One annoyance on the technical side is that Short Treks is shot in 2.39:1 aspect ratio, not in 2:1 like Discovery's first season, and not in 16:9 like usual TV series. The producers and many viewers will probably say it is still "wider" now, but that is only a euphemism for wasting an even larger portion of the 16:9 TV screen for black bars. I don't care at all for the "cinematic" experience, I just want the picture to be as large as possible, and 16:9 is a decent ratio. Actually, I preferred 4:3 but I can see how 16:9 is a good compromise to show movies on the small screen. Using movie proportions for TV series is a stupid fad. I'm afraid the Discovery people will carry it into the second season.
- Continuity: Scotty and Spock will find a way to recrystallize dilithium decades later, in "Star Trek: The Voyage Home". But Po's invention is not really a continuity error, considering that her device may not work on a larger scale, that it may not work for the kind of crystals that Starfleet uses, or that the Xaheans may simply keep it secret.
- Tilly has her reasons not to inform her commanding officer (whoever that may currently be) because Po would only trust her. But wouldn't the mess in the mess hall be investigated? Wouldn't anyone find more traces of Po's blood? And what happened to internal sensors? Wouldn't some sensor detect Po's presence, at least retroactively in a log review? Ultimately, the transporter log would reveal that there was something going on, unless Tilly deleted it and risked her career (which she probably does anyway, even without active sabotage).
- Where does Tilly beam Po? Into open space? Because that's where Discovery is during the episode. There's no mention of the ship going to Xahea (obviously, because Tilly does not let in anyone). Perhaps there is a Xahean ship ready to take over Po, but this too would be impossible without Tilly's superiors being apprised of it. Also, do the Xaheans already have warp ships? It should have been established for this matter that Discovery was in orbit of Xahea all the time, so it would have been plausible for Tilly to beam Po somewhere.
- Remarkable quote: "My name is 'Keep your human digits off me, please.' My name is also, 'I can build a translator like that in my sleep.' In fact, I did, when I was nine." (Me Hani Ika Hali Ka Po, on Tilly's request to state her name)
- Remarkable facts:
- The Xaheans have just achieved warp capability. Xaheans have some sort of extendable spikes on their backs.
- Me Hani Ika Hali Ka Po is supposed to become the queen of her people after her parents and her brother have died.
- Sylvia Tilly's mother is named Siobhan. Tilly also has a stepsister, who is said to be more intelligent.
An escape pod is rescued from space by the USS Discovery. But when the passenger, a man who calls himself Craft, wakes up in sickbay, no one is there except for Zora, an artificial intelligence. Zora tells Craft that the crew has left the Discovery, and that the ship has been abandoned for as many as one thousand years. Craft is a soldier who has fought in war for ten years. He expresses his wish to return to his family on the planet Alcor IV. Zora, however, says there is only one shuttlecraft aboard, which had just been delivered when the crew left, and which is not spaceworthy. Craft and Zora build a relationship, which culminates in Zora creating a hologram of herself to re-enact her favorite movie, "Funny Face". Craft feels that this isn't right. Zora finally comes round and prepares the shuttle for him to leave. She names it "Funny Face".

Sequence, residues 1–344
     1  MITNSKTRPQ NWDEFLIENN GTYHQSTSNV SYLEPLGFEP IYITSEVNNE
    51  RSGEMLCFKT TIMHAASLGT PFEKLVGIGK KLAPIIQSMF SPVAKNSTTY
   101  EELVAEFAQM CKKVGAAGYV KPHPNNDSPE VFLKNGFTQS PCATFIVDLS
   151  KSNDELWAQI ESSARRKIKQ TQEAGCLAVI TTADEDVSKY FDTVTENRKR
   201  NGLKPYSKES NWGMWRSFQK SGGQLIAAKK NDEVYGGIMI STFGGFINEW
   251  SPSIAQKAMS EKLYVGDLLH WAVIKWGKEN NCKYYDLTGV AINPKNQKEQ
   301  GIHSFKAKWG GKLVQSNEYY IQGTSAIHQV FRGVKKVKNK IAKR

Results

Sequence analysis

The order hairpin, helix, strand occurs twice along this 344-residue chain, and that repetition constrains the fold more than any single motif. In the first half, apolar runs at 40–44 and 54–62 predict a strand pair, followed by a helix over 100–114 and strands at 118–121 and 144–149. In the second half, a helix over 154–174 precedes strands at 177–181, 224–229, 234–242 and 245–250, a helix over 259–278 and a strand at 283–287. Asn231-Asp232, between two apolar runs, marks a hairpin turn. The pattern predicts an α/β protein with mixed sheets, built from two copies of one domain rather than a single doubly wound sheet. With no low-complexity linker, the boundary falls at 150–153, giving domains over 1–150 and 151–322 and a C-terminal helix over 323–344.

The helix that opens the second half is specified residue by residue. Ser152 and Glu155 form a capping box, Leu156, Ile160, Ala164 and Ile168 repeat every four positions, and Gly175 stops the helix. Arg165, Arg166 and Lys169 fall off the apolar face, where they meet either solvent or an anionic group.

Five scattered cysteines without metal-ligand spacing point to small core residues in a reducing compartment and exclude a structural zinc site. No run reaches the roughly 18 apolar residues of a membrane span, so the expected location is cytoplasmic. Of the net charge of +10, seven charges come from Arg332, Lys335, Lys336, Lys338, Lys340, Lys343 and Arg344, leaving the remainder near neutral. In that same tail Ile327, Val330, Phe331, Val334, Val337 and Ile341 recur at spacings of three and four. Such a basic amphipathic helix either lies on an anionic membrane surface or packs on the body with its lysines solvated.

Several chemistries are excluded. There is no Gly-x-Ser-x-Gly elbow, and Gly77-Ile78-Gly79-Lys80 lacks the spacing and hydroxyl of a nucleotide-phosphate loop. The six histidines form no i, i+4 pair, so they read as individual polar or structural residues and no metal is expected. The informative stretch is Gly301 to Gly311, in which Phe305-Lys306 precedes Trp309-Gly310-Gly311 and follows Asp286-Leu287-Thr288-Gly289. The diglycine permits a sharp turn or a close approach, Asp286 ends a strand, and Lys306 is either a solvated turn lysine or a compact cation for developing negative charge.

The first Short Treks episode, "Runaway", suffered from its unlikely circumstances, and particularly from the fact that Tilly and Po were seemingly alone on the Discovery. In "Calypso", it is even much more mysterious why the ship is empty. But the reasons are irrelevant here because "Calypso" works well as a standalone episode with an extremely narrow focus. And so the story does not even try to explain what happened a thousand years ago, why the ship was forgotten and how it could remain in almost perfect shape and powered up for such an incredibly long time.
"Calypso" leaves the era of Discovery, the narrative of Discovery and ultimately the whole Star Trek Universe we knew behind. It doesn't include any references to the series except for the set and prop design. Overall, it feels more like an episode of an anthology such as "Twilight Zone" or recently "Black Mirror" than like Star Trek. I appreciate this complete departure, just for a change. And considering that Discovery largely failed to recapture the spirit of Star Trek in its first season anyway, "Calypso" demonstrates how good science fiction can be created without the need to embed it into a larger story context.